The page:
An added note about packing. Don't plan on strapping anything to your pillion seat with a bungee net. The aggravation of having to take it off and put it back on each and every time you refuel will drive you bonkers. Luckily I discovered this useful fact on a test run a few weeks ago.
Now that we've talked about the potential physical pitfalls of a long, timed ride, let's talk about the mental ones.
There's a scene in the movie 'Castaway' in which Chuck Noland (Tom Hanks) gives the following speech:
"Time rules over us without mercy. Not caring if we're healthy or ill. Hungry or drunk. Russian, American, beings from Mars. It's like a fire, it could either destroy us or it could keep us warm... we live or we die by the clock. We never turn our back on it and we never ever allow ourselves the sin of losing track of time."
For nearly the entire ride I had those words running through my head. The passing time was a huge mental challenge for me. I found myself mentally calculating splits and remaining time almost constantly. Because there were big sections of my ride where I couldn't maintain high speeds due to traffic, curves or darkness, I wasn't prepared for how stressful the time factor would turn out to be. I'm pretty sure if I hadn't built in a small fail-safe into the ride, I would have been stressed to the point of giving up.
The fail-safe I built in was two sets of witnessed starting and ending points. I knew that the first part of the trip would take me through Jerusalem at rush hour, so on the chance that it took more than 30 minutes, I had a friend waiting at a second starting point 30 minutes past Jerusalem. As it turned out, it took me almost an hour to get through the Jerusalem traffic.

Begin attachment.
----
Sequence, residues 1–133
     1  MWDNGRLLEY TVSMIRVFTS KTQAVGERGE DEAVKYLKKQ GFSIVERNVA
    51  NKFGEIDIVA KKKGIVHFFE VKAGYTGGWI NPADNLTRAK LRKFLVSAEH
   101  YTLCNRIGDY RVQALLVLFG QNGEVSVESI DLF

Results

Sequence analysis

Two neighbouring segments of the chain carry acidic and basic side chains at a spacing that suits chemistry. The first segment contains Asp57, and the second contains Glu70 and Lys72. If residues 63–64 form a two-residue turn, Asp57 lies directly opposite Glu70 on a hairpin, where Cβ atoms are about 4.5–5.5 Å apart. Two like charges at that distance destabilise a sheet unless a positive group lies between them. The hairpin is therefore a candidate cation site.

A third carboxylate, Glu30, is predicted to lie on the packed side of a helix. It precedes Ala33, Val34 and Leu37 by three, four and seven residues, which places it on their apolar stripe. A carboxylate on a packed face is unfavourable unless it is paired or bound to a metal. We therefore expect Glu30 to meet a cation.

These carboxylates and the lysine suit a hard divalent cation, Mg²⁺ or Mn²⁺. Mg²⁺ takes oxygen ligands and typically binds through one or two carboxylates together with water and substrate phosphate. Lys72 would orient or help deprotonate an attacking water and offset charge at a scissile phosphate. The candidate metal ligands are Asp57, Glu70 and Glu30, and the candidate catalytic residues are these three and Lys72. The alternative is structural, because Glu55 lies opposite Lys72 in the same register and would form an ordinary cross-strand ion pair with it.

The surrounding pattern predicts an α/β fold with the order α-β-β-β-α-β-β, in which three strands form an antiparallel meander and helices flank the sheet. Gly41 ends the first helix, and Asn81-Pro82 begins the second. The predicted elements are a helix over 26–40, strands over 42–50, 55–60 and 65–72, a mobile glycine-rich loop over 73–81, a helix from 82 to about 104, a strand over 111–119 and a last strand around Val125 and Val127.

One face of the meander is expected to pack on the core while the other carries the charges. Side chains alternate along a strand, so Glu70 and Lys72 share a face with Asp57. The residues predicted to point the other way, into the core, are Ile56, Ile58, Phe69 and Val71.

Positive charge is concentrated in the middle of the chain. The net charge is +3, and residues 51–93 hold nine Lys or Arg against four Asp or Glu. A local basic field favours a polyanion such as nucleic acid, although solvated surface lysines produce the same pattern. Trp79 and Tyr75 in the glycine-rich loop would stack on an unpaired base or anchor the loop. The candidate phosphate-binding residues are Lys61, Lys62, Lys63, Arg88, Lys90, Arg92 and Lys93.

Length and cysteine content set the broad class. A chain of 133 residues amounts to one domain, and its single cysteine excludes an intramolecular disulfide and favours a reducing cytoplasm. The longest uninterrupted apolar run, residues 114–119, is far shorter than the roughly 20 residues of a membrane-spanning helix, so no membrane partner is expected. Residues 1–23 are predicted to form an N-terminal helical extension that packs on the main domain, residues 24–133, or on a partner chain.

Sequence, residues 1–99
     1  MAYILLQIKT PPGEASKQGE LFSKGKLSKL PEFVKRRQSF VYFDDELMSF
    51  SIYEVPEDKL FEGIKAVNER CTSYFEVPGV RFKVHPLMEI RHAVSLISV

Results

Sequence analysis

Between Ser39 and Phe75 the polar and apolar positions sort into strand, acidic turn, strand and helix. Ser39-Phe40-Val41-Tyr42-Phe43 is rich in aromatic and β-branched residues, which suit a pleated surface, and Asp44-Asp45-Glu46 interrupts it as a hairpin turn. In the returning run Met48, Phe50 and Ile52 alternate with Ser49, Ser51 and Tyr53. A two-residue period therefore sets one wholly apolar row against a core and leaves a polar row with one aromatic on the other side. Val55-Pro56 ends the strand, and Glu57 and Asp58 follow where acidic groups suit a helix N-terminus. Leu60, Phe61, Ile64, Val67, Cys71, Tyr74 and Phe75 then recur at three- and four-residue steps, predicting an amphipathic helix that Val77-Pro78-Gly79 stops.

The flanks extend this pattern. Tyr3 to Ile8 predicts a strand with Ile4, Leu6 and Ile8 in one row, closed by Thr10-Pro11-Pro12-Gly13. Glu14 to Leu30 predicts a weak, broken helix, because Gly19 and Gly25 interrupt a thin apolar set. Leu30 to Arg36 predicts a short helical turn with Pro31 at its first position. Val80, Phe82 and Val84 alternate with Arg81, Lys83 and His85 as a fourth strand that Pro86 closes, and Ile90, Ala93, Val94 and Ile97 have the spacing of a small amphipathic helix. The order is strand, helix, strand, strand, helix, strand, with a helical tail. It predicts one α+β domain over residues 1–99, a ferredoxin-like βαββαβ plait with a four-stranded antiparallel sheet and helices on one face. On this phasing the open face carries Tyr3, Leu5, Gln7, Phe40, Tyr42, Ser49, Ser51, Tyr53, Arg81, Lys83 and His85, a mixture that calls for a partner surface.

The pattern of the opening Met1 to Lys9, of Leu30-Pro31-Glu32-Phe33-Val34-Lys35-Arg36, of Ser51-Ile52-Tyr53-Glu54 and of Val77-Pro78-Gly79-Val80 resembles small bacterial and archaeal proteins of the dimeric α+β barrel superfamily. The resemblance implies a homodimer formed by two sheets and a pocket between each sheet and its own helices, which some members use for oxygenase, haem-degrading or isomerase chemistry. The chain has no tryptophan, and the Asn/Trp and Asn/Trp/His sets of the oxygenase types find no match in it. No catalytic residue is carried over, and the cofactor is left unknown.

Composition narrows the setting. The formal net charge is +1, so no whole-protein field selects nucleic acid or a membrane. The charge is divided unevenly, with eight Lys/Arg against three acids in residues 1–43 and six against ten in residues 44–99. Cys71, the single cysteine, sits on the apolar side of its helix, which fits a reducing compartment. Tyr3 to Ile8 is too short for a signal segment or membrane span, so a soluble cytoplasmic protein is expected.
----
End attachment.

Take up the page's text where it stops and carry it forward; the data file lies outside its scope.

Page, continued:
I wouldn't know until the end of the ride if the lost time would turn out to be significant, but knowing that I had a second official starting time to fall back on gave me a little mental breathing room. As it turned out, it was close, but I did my first finish with enough miles... but kept riding to the second finish very near the 24 hour deadline just in case the IBA folks needed a little more mileage to certify the ride (remember... it goes by their map calculations... not your odometer).
The last thing of a negative nature I want to add (for now) is about knowing your limits.
If you don't tell anyone you are going to attempt a long ride, you will have no explaining to do if you decide to push it off (or shelve the idea altogether). But if you tell too many people, you risk feeling pressured to complete the ride when your common sense is trying to tell you you're too fatigued to continue.
I made a promise to myself when I started publicizing the ride that no bragging rights were worth dying for. I also told everyone of my friends that there was a real possibility that I wouldn't be able to finish.
And to be honest, there was a point just before dawn as I rode up the switchbacks leading from the Sea of Galilee towards Kiryat Shemona that I was sure I was done. I was physically exhausted and could feel my body's reflexes getting sluggish. I pulled over at the top of the hill and had a quick snack and a drink. As the sun started rising over the lake I felt like my batteries were being recharged. I'm not sure if it was the nourishment or the sunlight, but from that point it was a new day.
However, for the rest of the trip I was constantly reassessing myself.